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I am trying to argue about the hardness of LWE, but in a setting that is different from the standard one.

Consider the task of learning the LWE secret $s$ from noisy samples. The specifications of the problem are an $m \times n$ matrix $A$, a $n \times 1$ vector $s$, and a Gaussian noise vector $e$. By a noisy sample, I mean a vector that evaluates to $As + e$. The Gaussian noise is sampled independently at random from an appropriately chosen Gaussian distribution every time a noisy sample is asked for. $m$ is chosen to be sufficiently large.

The process works as follows:

  1. The learner receives a noisy sample.
  2. The learner processes the sample and guesses what the secret is.
  3. There is a ”judge” who tells the learner how close or far they are, in $L_1$ norm, from the actual secret.
  4. The process repeats.

Is it known that the learner will not converge well to the secret in polynomial time?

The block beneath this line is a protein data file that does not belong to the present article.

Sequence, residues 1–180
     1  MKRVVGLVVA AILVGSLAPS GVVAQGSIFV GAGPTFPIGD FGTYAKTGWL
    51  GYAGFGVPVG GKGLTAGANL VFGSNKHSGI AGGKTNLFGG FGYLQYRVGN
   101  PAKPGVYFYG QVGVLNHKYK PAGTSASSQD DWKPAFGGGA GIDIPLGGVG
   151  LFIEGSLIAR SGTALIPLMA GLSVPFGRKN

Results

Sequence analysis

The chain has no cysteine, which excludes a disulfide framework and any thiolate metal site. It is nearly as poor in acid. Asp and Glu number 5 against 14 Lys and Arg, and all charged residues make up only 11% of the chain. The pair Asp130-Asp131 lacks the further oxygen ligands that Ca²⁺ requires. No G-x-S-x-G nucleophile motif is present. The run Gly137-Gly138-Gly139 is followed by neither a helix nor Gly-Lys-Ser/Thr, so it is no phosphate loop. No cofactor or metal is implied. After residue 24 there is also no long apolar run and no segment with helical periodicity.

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This would be very bad. Assuming that you're calculating $\mod q$ for some $q$, the learner can recover $s$ with at most $3n$ queries even while ignoring the samples.

I'll assume that $q$ is even, but the odd case is not much harder.

For a first guess the learner could try $s=(0,0,\ldots,0)^T$ and for a second try $(q/2,0,\ldots,0)^T$. Let $a$ be the $L_1$ distance of the first component from 0 and $b$ be the $L_1$ distance of the first component from $q/2$.

I know that $a+b=q/2$ and I known that $a-b$ is the difference of the two pieces of advice which I received in Step 3. I can now compute $a$ and $b$ and narrow the first component down to 2 possible values. A third query will disambiguate.

I can obviously repeat the process for other components.

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